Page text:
Researchers are examining different models to find the one that best explains today’s genetic diversity among people. They concluded a scenario involving a near-extinction event among our ancestors 930,000 years ago.

“We realized that we had discovered something great about human history,” said Wangjie Hu, a computational biologist at the Icahn School of Medicine at Mount Sinai in New York and an author of the study.

Before the bottleneck ended, the scientists concluded, our ancestral population consisted of about 98,000 reproductive individuals. It then shrank to less than 1,280 and remained that small for 117,000 years. After that, the population increased again.

Dr. Hu and his colleagues argue in their paper that this phenomenon is consistent with the fossil record of our human ancestors.

Our branch of the evolutionary tree split from the other apes about seven million years ago in Africa. Our ancestors evolved to become taller and have larger brains in Africa about a million years ago. Then, some of these early humans spread to Europe and Asia, evolving into the Neanderthals and their cousins, the Denisovans.

Our lineage continued to evolve into the modern people of Africa.

After decades of fossil hunting, records of early human relatives in Africa between 950,000 and 650,000 years ago are rare. The new study offers a possible explanation: there weren’t enough people to leave behind more remains, said Dr. Hu.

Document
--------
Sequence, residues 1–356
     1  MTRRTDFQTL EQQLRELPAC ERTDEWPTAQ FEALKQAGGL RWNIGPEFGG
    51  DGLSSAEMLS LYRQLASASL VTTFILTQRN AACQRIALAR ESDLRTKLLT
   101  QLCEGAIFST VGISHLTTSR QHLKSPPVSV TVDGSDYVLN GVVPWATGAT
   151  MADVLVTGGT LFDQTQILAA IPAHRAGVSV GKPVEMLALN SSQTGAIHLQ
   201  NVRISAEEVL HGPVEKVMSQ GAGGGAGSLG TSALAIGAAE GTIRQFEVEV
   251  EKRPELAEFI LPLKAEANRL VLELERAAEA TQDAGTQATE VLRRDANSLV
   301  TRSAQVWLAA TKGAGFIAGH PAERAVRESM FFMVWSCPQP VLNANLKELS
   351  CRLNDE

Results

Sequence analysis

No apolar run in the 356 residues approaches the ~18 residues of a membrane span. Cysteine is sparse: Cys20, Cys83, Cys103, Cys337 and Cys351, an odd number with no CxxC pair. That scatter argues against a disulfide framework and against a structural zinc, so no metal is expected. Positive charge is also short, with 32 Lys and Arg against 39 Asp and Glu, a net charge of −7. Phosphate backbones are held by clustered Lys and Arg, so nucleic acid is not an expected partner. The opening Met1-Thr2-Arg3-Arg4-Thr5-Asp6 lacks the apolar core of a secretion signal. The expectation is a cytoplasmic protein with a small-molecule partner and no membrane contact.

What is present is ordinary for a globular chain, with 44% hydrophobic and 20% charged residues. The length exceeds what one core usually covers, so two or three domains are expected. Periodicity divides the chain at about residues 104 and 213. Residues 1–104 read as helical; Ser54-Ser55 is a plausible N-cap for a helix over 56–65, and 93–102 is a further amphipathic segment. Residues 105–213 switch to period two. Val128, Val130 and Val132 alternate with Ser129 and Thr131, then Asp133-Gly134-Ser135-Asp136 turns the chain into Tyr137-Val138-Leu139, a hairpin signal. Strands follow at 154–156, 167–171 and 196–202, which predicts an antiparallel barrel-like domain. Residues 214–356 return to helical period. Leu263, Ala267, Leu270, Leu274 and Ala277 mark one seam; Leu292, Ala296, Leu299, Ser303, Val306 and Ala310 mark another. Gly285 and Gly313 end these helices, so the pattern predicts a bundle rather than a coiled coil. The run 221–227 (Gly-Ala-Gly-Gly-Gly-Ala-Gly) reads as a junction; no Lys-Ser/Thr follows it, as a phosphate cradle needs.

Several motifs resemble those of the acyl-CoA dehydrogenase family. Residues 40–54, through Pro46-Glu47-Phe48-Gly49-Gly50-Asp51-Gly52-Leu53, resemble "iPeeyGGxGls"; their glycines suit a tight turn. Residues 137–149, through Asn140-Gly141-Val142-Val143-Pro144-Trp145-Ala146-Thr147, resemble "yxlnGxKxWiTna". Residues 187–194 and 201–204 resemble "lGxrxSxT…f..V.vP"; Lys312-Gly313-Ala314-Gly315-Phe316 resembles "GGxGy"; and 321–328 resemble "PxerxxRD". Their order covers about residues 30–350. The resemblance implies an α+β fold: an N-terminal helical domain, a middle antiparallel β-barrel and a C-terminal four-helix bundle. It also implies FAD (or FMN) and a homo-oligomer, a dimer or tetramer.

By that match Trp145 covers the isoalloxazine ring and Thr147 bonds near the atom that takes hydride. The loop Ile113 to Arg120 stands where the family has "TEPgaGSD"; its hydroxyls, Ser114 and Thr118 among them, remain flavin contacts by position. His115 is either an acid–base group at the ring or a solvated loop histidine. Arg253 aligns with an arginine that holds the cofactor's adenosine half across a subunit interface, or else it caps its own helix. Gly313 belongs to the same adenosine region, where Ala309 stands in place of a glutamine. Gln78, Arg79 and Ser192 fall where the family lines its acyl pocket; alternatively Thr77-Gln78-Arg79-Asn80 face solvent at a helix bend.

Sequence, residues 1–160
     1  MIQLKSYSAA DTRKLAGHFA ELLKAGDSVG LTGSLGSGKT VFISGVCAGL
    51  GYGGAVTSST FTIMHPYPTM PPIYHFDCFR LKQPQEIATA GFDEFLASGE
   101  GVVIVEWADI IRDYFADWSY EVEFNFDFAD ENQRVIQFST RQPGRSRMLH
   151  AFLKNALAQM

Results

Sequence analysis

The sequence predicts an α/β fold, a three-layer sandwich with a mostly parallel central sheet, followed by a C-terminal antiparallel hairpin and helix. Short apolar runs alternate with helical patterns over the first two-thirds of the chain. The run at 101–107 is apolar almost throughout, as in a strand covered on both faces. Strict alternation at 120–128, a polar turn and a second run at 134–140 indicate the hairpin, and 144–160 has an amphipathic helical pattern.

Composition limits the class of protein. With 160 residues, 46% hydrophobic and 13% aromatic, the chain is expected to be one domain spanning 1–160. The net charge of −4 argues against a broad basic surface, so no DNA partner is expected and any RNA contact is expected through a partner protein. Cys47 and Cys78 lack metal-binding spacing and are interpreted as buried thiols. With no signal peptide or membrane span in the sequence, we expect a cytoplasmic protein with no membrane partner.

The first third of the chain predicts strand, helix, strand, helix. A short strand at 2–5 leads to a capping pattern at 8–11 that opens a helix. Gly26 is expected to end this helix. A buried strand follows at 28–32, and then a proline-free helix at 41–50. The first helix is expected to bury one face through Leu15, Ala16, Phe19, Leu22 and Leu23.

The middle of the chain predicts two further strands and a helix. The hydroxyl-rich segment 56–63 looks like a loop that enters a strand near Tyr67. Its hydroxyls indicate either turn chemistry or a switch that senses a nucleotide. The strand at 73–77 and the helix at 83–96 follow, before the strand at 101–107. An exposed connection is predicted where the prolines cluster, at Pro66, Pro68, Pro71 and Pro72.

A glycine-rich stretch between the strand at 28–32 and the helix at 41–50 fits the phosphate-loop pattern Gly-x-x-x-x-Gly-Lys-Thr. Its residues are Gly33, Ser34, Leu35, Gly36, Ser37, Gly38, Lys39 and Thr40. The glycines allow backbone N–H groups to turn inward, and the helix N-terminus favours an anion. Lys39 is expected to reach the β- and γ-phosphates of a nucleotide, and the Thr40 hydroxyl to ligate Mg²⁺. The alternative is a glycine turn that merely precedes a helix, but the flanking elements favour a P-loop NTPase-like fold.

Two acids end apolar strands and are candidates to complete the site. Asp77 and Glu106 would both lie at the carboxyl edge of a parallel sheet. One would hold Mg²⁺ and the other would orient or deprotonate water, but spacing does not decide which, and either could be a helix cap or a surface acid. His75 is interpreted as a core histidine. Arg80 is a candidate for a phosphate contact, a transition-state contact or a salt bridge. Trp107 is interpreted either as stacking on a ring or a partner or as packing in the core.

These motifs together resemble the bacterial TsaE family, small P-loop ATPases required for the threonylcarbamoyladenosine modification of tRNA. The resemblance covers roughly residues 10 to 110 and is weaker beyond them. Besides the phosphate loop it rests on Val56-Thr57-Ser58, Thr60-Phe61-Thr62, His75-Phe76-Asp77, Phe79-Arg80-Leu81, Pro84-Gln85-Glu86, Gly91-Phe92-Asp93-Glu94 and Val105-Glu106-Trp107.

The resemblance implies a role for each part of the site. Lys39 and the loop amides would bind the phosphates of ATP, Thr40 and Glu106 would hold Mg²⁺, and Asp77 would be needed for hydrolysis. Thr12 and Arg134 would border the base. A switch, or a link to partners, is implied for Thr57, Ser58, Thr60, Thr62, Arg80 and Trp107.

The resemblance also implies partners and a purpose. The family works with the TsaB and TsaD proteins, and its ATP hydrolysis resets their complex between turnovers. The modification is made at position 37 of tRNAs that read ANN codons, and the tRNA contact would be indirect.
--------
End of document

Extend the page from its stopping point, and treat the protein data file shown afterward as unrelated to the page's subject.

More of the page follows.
Brenna Henn, a geneticist at the University of California, Davis, who was not involved in the new study, said the barrier was “one logical path.” But today’s genetic diversity may have resulted from a different evolutionary history, he added.

For example, people may split up into different personalities and then reunite. “It would be more powerful to test other models,” said Dr. Henn.

Dr. Hu and his colleagues suggest that global climate change caused the population collapse 930,000 years ago. They point to geological evidence that the planet has become colder and drier right around the time of their proposed shutdown. Those conditions may have made it difficult for our human ancestors to find food.

But Nick Ashton, an archaeologist at the British Museum, noted that a number of remains of prehistoric human relatives that existed during the closure of the crisis have been found outside of Africa.

If a global crisis has caused the collapse of humanity in Africa, he said, then it must have made human relatives rare elsewhere in the world.

“The number of sites in Africa and Eurasia that date back to this period suggests that it affected only a few people, who may have been the ancestors of modern humans,” he said.

Dr. Li and his colleagues also drew attention to the fact that modern humans seem to have diverged from Neanderthals and Denisovans after their proposed crash. They speculate that the two events are related.

Researchers note that most monkeys have 24 pairs of chromosomes. Humans only have 23, due to the combination of two sets. After the crash, scientists suggest, a combined set of chromosomes may have evolved and spread in a small population.

“All individuals with 24 pairs of chromosomes perished, while only a few individuals with 23 pairs of chromosomes fortunately survived and were passed down from generation to generation,” said Ziqian Hao, a bioinformatics researcher at Shandong First Medical University and the author of the study.

But Dr. Schiffels isn’t buying it yet: “This finding is really surprising, and I think the more surprising the claim, the better the evidence should be.”